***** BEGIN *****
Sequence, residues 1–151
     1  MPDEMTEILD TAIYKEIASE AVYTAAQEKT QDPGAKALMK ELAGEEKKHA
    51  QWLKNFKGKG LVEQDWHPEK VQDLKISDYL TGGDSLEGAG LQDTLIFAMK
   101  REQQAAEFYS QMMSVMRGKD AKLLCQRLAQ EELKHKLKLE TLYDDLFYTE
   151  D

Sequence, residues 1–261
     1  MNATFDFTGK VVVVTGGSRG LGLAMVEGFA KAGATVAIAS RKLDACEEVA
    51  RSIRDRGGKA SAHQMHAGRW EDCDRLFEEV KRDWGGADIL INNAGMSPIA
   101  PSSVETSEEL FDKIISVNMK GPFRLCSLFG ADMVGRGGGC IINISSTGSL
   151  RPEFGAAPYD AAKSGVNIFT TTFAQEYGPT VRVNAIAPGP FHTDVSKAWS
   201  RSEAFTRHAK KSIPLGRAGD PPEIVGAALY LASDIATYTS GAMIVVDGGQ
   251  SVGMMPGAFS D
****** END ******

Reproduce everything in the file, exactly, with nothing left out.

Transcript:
Sequence, residues 1–151
     1  MPDEMTEILD TAIYKEIASE AVYTAAQEKT QDPGAKALMK ELAGEEKKHA
    51  QWLKNFKGKG LVEQDWHPEK VQDLKISDYL TGGDSLEGAG LQDTLIFAMK
   101  REQQAAEFYS QMMSVMRGKD AKLLCQRLAQ EELKHKLKLE TLYDDLFYTE
   151  D

Sequence, residues 1–261
     1  MNATFDFTGK VVVVTGGSRG LGLAMVEGFA KAGATVAIAS RKLDACEEVA
    51  RSIRDRGGKA SAHQMHAGRW EDCDRLFEEV KRDWGGADIL INNAGMSPIA
   101  PSSVETSEEL FDKIISVNMK GPFRLCSLFG ADMVGRGGGC IINISSTGSL
   151  RPEFGAAPYD AAKSGVNIFT TTFAQEYGPT VRVNAIAPGP FHTDVSKAWS
   201  RSEAFTRHAK KSIPLGRAGD PPEIVGAALY LASDIATYTS GAMIVVDGGQ
   251  SVGMMPGAFS D